Wed August 29, 2012
Report Says Nation's Newest Coal Plant Isn't as Cheap as Promised
A large coal-burning power plant in Illinois that provides electricity to some areas of Western Kentucky and Indiana is under fire. A non-profit analyzed the costs of the plant and the numbers suggest ratepayers in eight states are paying more than they should.
Prairie State is a 1600 megawatt coal plant just outside of St. Louis. It’s owned in part by nine municipal energy agencies and co-ops. One of those is the Kentucky Municipal Power Agency (KMPA) which owns nearly eight percent of the plant and provides power to the Paducah area. KMPA issued nearly $500 million in bonds to buy its share of the generation, and is now selling electricity to power companies in Paducah and Princeton.
But according to a report, ratepayers getting their power from Prairie State are paying a premium. The data compiled by the non-profit Institute for Energy Economics and Financial Analysis says the project’s cost was higher than expected, and costs for Prairie State’s power will only go up.
Report co-author Tom Sanzillo says the Prairie State project made a promise to members, which was that:
“The Prairie State plant would provide affordable low-cost electricity to participating communities from day one of commercial operation,” he said.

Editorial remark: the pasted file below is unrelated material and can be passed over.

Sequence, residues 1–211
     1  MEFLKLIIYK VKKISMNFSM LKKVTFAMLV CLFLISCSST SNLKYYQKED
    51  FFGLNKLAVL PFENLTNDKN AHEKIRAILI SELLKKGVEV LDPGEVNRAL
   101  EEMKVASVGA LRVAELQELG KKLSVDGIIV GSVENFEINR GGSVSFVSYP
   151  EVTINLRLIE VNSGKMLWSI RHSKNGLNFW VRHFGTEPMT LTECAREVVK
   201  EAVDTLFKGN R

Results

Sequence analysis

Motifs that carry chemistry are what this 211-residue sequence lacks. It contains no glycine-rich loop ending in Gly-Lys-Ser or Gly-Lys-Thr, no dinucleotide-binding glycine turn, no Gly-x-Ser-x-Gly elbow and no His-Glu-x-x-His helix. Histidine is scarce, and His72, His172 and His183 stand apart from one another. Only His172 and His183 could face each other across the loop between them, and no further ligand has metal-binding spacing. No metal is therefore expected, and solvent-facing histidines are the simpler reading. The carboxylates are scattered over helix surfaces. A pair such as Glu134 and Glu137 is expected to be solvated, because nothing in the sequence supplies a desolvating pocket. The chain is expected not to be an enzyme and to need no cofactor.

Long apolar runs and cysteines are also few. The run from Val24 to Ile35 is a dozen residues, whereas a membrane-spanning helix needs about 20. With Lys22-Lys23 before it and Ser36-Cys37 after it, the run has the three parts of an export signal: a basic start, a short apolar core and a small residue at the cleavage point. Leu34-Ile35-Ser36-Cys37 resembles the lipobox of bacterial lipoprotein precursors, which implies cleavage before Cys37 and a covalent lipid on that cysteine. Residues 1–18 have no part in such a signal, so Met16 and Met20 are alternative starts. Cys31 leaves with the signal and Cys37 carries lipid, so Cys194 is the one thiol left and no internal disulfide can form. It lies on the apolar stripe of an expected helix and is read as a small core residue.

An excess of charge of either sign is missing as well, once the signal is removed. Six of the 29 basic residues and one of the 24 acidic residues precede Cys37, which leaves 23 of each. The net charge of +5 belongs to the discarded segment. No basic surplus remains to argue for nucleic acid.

He says that’s not happening.
But in Paducah, KMPA General Manager Dave Clark says the company is so far happy with the project and thinks the costs are under control.
“We know what our price for coal is going to be for the next thirty years, and it’s going to be about a fourth of what it’s going to be in the marketplace,” he said. “And it’s not going to rise very much.”
Unlike most utilities in Kentucky, KMPA is not regulated by the Public Service Commission because it’s a municipal utility. And because of all the costs and surcharges added into utility bills, it’s hard to compare rates among utilities.
KMPA sells the electricity to Paducah Power and Princeton Electric for between 5 and 5.5 cents per kilowatt hour—this covers all of KMPA’s bonds and associated costs with investing in Prairie State, and Clark says this rate is in line with what the company expected. But residential customers in the area end up paying between 8.2 and 9.8 cents per kilowatt hour.
To put that in perspective, at the two other utilities doing business in the area—Kentucky Utilities and Jackson Purchase Electric Co-op—customers pay between 7 and 7.6 cents per kilowatt hour.